Prostitution should be legal misc Essay

This essay has a total of 1177 words and 6 pages.

Prostitution should be legal misc

Prostitution Should be Legal

Referred to as the “oldest profession”, prostitution “. . . has long been a problem which
has provoked and disturbed Americans” (Kinsie 3). “Prostitution [is] the performance of sexual
acts, solely for the purpose of material gain” (James [NA]). Prostitution remains, excepted and
considered normal in some cultures. No gender specifics exist for prostitutes , but female
prostitutes comprise the majority of prostitutes. A person male and married characterizing the
majority of prostitutes clients, commonly referred to as a “John”. Surprisingly, but true, US
prostitutes work legally in some areas. “Prostitution is currently illegal in all 50 states” (Flowers
8), with the exception of 12 rural counties in Nevada. A variety of different types of prostitutes
exist: streetwalkers, call girls, massage parlor/brothel/in house prostitutes, madams, indentured
sex slaves, escort service prostitutes, professional dominatrics, homeless, drug addicted and part
time prostitutes (Flowers 18, 19). In 1995, approximately 95,000 arrests were made (70%
female prostitutes, 20% male prostitutes and 10% customers), mostly streetwalkers; a
misdemeanor typically resulting in a fine, occasionally a 30-day jail term. More importantly than
numbers, what motivates one to choose a career of prostitution? Perhaps persuasion, coercion,
abuse, addiction or poor conditions/lifestyle and the financial lure. Legalizing prostitution ensures
regulation and taxation, allowing the police to deal with more violent crimes and reduce the abuse
of prostitutes by “Pimps”.
There remain many reasons why one may favor the illegal status of prostitution. Some
see the “profession” as exploitive to women, a “. . . form of sexual slavery” (Abraham 1).
Feminists claim that prostitution reinforces the status that women represent objects, undoing the
prevails of women in the past. Yet still, many believe in neo-Victorism, a condescending belief
that prostitutes are unaware of their action and need someone with more education to protect
them (Abraham 1). Much of the public describes the profession of prostitution as dirty,
immoral and degrading. For many, prostitution results in a destructive, abusive “career” in which
Pimps, those who “own” and distribute prostitutes for the benefit of financial gain, and Johns
abuse and violate women. Prostitution also greatly affects the community and the public.
Those who use prostitutes for their pleasure risk the contraction of diseases, thus spreading with
each new sexual partner, endangering the lives of many.
Although valid reasons justify why one would want to keep prostitution with an illegal
status, the benefits far out way the negative aspects of prostitution. Legalizing the profession
increases the quality of lives for those who partake in prostitution as a career and those who “use”
the business they offer. Legalization of prostitution allows regulation, requiring medical
examination of prostitutes on a regular basis, helping to reduce the transfer of STDs and
communicable diseases. According to the US Department of Health, 3% to 5% of STDs in the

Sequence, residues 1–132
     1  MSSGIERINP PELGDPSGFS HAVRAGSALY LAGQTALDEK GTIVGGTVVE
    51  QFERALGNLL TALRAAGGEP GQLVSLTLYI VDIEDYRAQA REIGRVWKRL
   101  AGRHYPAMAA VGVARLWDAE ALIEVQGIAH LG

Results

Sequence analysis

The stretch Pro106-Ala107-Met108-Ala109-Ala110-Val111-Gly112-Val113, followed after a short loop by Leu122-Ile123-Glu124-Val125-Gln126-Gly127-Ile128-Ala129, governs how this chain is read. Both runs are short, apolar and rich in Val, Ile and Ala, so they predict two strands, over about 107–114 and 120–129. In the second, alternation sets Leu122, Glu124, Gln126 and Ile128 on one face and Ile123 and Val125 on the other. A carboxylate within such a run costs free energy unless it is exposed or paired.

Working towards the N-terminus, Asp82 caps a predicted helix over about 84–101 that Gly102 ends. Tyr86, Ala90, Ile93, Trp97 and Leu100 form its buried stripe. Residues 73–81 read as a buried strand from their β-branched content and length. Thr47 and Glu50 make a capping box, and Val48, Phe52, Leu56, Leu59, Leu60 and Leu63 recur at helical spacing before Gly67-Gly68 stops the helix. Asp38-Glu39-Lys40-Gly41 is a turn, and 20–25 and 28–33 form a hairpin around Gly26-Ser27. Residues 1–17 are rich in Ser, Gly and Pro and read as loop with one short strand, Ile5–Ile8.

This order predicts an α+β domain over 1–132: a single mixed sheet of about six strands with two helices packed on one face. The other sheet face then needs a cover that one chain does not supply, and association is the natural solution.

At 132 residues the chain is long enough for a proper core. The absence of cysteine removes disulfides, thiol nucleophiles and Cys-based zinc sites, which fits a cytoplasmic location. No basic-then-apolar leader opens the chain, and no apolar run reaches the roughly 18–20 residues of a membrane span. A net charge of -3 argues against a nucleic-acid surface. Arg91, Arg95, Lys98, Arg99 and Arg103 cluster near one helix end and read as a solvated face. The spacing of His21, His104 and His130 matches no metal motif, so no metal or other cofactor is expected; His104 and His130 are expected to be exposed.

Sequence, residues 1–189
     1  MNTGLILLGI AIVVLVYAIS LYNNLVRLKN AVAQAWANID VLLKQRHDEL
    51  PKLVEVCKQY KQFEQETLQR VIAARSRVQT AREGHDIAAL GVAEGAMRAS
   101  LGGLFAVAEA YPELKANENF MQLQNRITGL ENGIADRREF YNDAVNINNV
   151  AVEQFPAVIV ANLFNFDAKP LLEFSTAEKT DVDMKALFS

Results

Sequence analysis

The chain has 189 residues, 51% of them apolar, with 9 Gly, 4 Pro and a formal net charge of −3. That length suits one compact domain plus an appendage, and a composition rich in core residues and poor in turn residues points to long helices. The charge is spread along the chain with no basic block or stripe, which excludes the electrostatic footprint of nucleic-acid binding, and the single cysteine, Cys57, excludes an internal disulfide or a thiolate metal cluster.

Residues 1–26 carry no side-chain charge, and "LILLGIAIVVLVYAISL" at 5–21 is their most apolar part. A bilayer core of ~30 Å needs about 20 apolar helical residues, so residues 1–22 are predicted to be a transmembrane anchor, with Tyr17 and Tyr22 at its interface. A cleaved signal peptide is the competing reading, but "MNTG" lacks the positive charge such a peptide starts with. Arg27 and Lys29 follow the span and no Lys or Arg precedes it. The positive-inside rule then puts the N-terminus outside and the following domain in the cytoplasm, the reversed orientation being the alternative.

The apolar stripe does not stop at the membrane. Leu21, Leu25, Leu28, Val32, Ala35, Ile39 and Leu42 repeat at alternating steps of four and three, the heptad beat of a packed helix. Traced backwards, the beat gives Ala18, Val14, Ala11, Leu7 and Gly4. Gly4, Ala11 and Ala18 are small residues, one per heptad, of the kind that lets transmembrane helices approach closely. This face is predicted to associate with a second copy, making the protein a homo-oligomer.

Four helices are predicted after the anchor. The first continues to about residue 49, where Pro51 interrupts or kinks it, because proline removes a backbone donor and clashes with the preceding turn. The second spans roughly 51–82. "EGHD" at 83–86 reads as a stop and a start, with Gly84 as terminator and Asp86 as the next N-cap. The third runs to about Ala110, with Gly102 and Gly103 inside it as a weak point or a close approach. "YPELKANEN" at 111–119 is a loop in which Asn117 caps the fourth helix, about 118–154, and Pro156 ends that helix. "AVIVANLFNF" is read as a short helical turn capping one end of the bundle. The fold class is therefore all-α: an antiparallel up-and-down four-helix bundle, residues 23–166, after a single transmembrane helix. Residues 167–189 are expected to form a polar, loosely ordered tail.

United States are linked to prostitutes (Prostitution in the US . . . [NA]). These relatively small
numbers results in a “domino effect”. If someone contracts a disease during an interlude with a
prostitute, each sexual partner thereafter carries the potential risk of “contamination”. In
addition, the health of prostitutes most likely increases. Early detection and treatment of STDs,
diseases or illnesses, and drug addiction constitute likely results of prostitution legalization.
These actions increase the likelihood of prostitutes’ good health, resulting in a safer environment
for their clients as well. Exploitation from pimps eliminates with the legalization of prostitution.
Pimps usually take a large portion of the prostitutes profit, up to 50% and sometimes more. This
exploitation includes abuse, both physical and mental, often leading to murder. A legal status of
prostitution allows prostitutes to work for themselves, or in a safe, controlled environment, such
as a licensed brothel.
Legalization allows for taxation of prostitution wages, like any other employment.
Taxation of prostitution results in increased taxes collected by cities, counties and states. By
taxation, prostitutes enjoy the benefits of unemployment insurance, disability insurance and social
security, thus ensuring prostitutes the choice of continuing or discontinuing their career in
prostitution. Cities, counties and states profit by taxation and legalizing prostitution results in a
reduction of criminal prosecution costs. “Average arrest, court [and] incarceration costs amount
to nearly $2000 per arrest. Cities spend an average of $7.5 million on prostitution control every
year. Ranging from $1 million (Memphis) to $23 million (New York)” (Prostitution in the US .
. . [NA]). This extra money and time provides police more time to deal with and prosecute
violent crimes. The elimination of the prosecution of prostitutes saves time and money for the
justice system as well as freeing the courts to prosecute of crimes/criminals. Once police officers
and prostitutes join “the same side”, the creation of a safer environment for prostitutes results.
Prostitutes recieve the rights of every other citizen, allowing them to ill behavior without the
threat of being arrested. Legalization of prostitution eliminates one of the violent aspects of
prostitution, the pimp. With the elimination of the Pimp, the prostitute looses the need for
exorbitant charges of his/her services.
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